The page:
Every time Paul landed a kick (which was often–he was a better fighter than me, out-ranking me by several belts), it hurt. A lot. He kept nailing my thighs and I could never protect them in time, or when I did, his steel-post legs just hurt my biceps, forearms, and thighs. I landed a few good hits and I did hold my own but there was no question he won the sparring match. After the fight, he spent a great deal of time generously helping me improve both my defense and my offense, and eventually became a friend.

The thing is, for a few weeks after that fight, my legs and arms looked like a map of the constellations, with purple and yellow galaxy-shaped bruises lining both sides of my body.

Of course, I healed, but I knew my body had never taken that kind of punishment before and it hit me later (almost as hard as Paul) that I was tougher than I thought. I got beat up, I bruised, and then I healed. All my life until then, I avoided bruises and pain because… well, because I did not want to get hurt.

After that fight, I realized I could take a hit (even several) and keep going. Even better, the bruises illustrated the personal areas of mine that are really tough (those are the areas that took a beating but a bruise was the worst those kicks could deliver). The bruises also showed the areas I needed to do a better job protecting.

Bruises are great because they do enough damage to teach you where to improve and how to fight back. I am speaking now beyond physical bruises. Emotional bruises work the same way. They show you that you are more resilient than you know and teach you that when a problem arises, you might end up bruised… but it’s okay. You can take it. Even from a steel-legged Muay Thai fighter.


A Paradox of Time

Every day I strive to learn a lesson in life. Then I share it with you. Here is today’s lesson…


I am no astrophysicist (so if I say anything patently stupid here–and you are an astrophysicist–feel free to call me out), but my brothers and I love to chat about space, time, and the fate of the universe. In one of those conversations, Milo and I discussed the wackiness of Time, when I tripped across a paradox I had not considered before.

This might be a little nerdy and confusing but I will try to keep it straightforward since you might like to talk about this, too.

We know time travel exists because we are doing it now. We are always moving forward in time, from present to future. The real problem is traveling backwards through time.

It is fun to think of different ways to make visiting the past work, but there is a logical and fundamental flaw that will, I think, always prevent us from going back in time.

When you travel through time you also travel through space (when I cross a room, for example, I am traveling through space to reach the other side of the room and it is also later in time when I get there).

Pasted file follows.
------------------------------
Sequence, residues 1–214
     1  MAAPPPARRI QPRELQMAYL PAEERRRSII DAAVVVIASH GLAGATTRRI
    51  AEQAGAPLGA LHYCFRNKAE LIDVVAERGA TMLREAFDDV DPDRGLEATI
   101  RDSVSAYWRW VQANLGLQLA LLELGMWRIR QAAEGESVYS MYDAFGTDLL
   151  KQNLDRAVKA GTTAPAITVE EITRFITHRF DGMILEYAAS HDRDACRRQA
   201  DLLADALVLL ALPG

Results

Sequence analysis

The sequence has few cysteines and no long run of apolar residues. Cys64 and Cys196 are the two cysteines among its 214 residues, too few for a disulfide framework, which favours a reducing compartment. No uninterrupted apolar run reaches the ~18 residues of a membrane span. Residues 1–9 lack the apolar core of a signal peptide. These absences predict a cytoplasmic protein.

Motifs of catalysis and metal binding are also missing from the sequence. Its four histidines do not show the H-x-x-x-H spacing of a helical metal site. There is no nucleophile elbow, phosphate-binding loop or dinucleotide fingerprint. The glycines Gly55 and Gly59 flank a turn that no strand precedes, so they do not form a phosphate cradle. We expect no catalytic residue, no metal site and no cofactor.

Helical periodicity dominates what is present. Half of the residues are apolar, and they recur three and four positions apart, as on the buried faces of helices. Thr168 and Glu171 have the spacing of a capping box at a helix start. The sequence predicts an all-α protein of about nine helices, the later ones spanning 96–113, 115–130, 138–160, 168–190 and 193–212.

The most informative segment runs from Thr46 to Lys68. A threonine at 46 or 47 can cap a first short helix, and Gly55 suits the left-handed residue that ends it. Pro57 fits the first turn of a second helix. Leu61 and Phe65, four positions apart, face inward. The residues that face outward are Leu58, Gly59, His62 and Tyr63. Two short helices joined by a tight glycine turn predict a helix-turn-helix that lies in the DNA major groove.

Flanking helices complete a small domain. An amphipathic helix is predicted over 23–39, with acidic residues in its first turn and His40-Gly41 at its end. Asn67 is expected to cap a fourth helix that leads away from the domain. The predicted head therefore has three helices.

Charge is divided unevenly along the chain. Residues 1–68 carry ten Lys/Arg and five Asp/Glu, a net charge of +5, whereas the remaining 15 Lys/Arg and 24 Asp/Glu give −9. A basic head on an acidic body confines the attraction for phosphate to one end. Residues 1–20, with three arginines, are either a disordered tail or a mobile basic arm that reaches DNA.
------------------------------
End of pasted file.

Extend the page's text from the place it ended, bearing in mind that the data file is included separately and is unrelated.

Therefore, theoretically, you should be able to cross time-space backwards and end up in the past, just as you can walk backwards across a room (but time still moves forward). The catch is, to go back in Time, you must travel faster than the speed of light.

Everything emanates light, including people. Thanks to this property of the universe, we are able to see into the past. When I look at you, for example, I actually see you as you were a fraction of a second ago. It took light a (very) small amount of time to travel from your face to my eyes so I could see you. This means that light, to travel through time, must also travel through space. Because of this, when we point our telescopes to the Andromeda galaxy, we actually see Andromeda as it was about 2 million years ago–the time it took the light from Andromeda to reach Earth.

If you were walking down a busy street today in the Andromeda galaxy, someone on Earth would not know for another 2 million years because that is how long it will take the light from that moment to travel across space and reach us humans.

Think about this. The light from every moment is always traveling across space, in all directions. However, every moment that light is followed by the light of the next moment, and the next moment, and the next, etc. It happens so fast and so close to simultaneously that it seems like everything is happening all at once.

If I could somehow travel through time to the moment you began reading this article, I would have 3 major problems, though:

1. I would have to travel faster than light so I could get ahead of the light in my present moment. I can never escape the present because I can not travel faster than light.

2. If I could travel faster than light, then I have an even tougher problem. I could not see where I was going. There is no light if I am ahead of it!